John Brown was not a murderer nor a religious fanatic. To be sure, he led in the killing of five pro-slavery thugs in Kansas in May 1856, and the reason he did so was because they were conspiring with pro-slavery terrorists to kill or drive out the Browns and other anti-slavery neighbors with violence. What Brown did was arguably counter-terrorism. Besides, the Kansas territory was already inflamed by pro-slavery thugs and there was no territorial or federal police to protect free state people who were being terrorized by pro-slavery thugs. Most of the free state settlers welcomed Brown's bloody strike because he was the only one with enough courage to stand up to terrorism and "give it" as hard as free state people were "getting it."

It amazes me that some people insist on seeing Brown as a terrorist, when living in this era, one might rather expect sensible people to make the logical connection with Brown as a counter-terrorist. He and the others who supported him were men simply protecting their families and freedoms in the absence of real democracy and the actual injustice or impotency of lawmen. Besides, the entire system of slavery itself was based on terror--imagine a system that allowed slave masters even to kill their "property" without any penalty; imagine a system that declared human beings sub-standard because of their "race." Imagine a society whose courts sanctioned hunting human beings down, tearing them from their loved ones, forcing them to work for free, and even controlling their bodies. What kind of a barbaric society was that? Not Nazi Germany. No, it was called the good old U.S.A. in the antebellum era, for the entire nation supported this wickedness by its laws, and it was practiced with lust and passion by the slave holders of the South. In light of the fact that these atrocities were committed in Coach Thompson's own state of Kentucky, perhaps by some of his own ancestors, or the ancestors of some of his countrymen, it strikes me somewhat empty to hear him calling John Brown a "murderer."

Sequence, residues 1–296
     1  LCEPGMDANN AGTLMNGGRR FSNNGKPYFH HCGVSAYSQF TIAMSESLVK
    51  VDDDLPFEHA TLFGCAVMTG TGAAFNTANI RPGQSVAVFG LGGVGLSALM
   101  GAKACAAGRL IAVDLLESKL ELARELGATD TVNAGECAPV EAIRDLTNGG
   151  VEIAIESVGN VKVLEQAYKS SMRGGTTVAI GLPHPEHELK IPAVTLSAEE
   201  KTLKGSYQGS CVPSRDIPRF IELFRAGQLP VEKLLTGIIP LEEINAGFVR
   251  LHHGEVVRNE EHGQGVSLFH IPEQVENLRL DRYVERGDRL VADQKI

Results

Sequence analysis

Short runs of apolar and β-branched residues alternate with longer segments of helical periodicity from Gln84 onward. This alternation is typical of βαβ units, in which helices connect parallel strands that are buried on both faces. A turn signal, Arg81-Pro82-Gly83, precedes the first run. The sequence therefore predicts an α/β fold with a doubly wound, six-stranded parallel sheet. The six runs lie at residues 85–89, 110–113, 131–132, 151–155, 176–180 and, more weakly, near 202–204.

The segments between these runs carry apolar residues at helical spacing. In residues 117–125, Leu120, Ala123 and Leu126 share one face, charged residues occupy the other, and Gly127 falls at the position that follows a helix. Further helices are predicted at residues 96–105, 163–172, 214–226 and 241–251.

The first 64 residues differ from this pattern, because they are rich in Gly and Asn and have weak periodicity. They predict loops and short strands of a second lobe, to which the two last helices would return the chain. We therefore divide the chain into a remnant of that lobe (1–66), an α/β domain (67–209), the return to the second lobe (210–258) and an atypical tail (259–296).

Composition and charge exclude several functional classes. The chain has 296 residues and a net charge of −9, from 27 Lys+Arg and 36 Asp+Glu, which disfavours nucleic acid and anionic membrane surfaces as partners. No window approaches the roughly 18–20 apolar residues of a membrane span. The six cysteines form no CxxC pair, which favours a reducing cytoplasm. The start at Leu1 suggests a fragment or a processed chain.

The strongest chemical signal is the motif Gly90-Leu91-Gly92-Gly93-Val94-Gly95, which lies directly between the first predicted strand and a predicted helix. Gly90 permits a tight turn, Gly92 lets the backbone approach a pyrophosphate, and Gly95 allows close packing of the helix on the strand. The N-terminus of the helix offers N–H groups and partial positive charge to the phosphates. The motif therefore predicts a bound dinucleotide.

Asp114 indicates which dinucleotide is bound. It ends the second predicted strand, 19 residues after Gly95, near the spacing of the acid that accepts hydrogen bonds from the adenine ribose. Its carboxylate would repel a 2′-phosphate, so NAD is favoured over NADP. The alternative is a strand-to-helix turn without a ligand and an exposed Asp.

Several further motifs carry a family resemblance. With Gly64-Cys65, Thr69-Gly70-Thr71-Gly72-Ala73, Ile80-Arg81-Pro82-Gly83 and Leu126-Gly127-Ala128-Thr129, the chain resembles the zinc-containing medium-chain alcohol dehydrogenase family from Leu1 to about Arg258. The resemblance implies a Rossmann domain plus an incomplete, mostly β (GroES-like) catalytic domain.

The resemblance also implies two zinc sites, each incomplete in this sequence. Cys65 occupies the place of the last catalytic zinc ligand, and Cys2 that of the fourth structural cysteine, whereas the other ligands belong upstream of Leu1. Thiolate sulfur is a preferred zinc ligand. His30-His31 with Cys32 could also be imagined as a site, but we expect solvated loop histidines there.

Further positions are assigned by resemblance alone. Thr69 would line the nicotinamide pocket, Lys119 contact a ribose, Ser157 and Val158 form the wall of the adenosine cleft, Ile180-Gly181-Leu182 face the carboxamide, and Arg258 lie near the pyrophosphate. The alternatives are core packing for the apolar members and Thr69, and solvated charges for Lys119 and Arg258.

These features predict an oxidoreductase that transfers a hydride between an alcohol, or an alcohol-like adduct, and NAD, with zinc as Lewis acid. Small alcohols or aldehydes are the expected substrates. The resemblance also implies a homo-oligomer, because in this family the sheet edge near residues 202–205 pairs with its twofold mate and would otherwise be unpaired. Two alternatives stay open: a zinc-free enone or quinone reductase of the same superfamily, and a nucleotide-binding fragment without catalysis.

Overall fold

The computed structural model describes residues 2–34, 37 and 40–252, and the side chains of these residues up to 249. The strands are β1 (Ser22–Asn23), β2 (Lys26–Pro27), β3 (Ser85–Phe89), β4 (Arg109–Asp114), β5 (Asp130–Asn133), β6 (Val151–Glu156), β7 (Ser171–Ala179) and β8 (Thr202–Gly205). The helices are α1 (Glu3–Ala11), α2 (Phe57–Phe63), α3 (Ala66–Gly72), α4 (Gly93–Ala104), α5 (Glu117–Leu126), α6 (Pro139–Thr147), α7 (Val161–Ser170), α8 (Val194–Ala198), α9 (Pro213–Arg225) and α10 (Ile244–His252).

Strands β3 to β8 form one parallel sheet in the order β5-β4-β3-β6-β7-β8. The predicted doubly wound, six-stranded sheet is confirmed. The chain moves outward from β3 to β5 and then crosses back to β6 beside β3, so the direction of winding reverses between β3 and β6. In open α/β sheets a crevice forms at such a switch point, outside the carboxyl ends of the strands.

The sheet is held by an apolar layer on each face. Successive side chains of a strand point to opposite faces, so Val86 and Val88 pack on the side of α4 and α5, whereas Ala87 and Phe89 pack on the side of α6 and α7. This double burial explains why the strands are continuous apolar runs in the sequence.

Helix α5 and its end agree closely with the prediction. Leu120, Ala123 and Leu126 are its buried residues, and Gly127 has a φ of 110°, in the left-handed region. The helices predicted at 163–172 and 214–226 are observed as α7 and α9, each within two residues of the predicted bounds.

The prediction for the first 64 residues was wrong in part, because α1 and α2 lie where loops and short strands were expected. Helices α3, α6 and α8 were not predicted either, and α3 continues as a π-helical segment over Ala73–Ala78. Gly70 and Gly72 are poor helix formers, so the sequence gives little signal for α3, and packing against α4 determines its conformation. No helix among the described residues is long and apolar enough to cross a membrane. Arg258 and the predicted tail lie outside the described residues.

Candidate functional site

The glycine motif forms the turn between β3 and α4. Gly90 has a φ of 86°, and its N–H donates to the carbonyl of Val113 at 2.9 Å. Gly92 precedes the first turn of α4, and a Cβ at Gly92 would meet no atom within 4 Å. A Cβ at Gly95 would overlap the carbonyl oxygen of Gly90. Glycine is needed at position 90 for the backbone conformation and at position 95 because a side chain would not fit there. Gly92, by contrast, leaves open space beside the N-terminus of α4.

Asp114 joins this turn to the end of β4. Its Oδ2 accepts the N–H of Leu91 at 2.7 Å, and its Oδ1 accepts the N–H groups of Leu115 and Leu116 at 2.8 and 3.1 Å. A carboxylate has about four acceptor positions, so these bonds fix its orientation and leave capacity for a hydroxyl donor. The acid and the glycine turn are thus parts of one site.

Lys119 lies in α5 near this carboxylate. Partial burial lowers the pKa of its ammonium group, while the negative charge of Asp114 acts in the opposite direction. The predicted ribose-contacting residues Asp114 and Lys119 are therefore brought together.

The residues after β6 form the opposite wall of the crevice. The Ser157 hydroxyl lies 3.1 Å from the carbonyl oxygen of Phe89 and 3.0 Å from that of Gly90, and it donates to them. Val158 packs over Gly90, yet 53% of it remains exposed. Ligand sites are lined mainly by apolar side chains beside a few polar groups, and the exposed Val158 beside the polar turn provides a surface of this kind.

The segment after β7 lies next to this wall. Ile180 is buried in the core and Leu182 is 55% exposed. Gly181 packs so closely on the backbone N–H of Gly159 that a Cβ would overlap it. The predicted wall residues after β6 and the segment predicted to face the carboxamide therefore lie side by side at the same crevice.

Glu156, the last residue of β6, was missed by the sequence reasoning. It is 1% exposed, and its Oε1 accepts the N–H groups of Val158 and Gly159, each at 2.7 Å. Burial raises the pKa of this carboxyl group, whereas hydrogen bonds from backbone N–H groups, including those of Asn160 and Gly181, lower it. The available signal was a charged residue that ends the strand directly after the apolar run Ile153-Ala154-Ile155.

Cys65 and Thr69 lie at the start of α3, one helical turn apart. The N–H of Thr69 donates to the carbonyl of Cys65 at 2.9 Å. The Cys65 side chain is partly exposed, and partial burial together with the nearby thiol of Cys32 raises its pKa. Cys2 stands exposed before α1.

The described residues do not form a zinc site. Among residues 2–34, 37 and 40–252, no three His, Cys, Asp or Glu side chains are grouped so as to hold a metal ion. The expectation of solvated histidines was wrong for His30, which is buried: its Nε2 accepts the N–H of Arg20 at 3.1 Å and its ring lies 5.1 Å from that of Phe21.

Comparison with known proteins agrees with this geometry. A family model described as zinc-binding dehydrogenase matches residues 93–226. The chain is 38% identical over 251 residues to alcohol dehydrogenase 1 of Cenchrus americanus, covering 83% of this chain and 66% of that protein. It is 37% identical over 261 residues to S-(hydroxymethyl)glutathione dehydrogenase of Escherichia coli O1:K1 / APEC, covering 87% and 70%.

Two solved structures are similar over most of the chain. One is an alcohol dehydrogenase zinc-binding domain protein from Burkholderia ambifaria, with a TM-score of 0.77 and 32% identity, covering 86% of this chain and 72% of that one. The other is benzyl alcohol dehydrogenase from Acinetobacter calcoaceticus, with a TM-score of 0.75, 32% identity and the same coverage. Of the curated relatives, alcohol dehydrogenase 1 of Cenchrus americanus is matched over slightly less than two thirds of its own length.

Finally, Coach Thompson, John Brown was not a "religious fanatic." In fact, his theology and biblical understanding were pretty much the same as that famously glorified traitor, Thomas "Stonewall"Jackson, who was an evangelical Calvinist like Brown. Brown and Jackson were pretty similar in their theological outlook, yet I doubt the Kentucky Coach would call General Jackson a religious fanatic, even though he used his Bible to justify betraying his government, defend a system of rape and stolen labor, and lead vast numbers of men to their deaths in a war for flesh disguised as a war for freedom. "States' rights"? Gimme a break. That's about as impressive as Jefferson Davis in a dress (which is how he was attired when he was apprehended when his "independence movement" was finally put down by Mr. Lincoln's army).

John Brown was a heroic figure and to compare him to serial-killing, anti-Christian "religious" fanatics who have no conception of the Golden Rule, nor any regard for democracy is outrageously ill-studied. Maybe the Kentucky Coach needs a little coaching in the history section of the local library.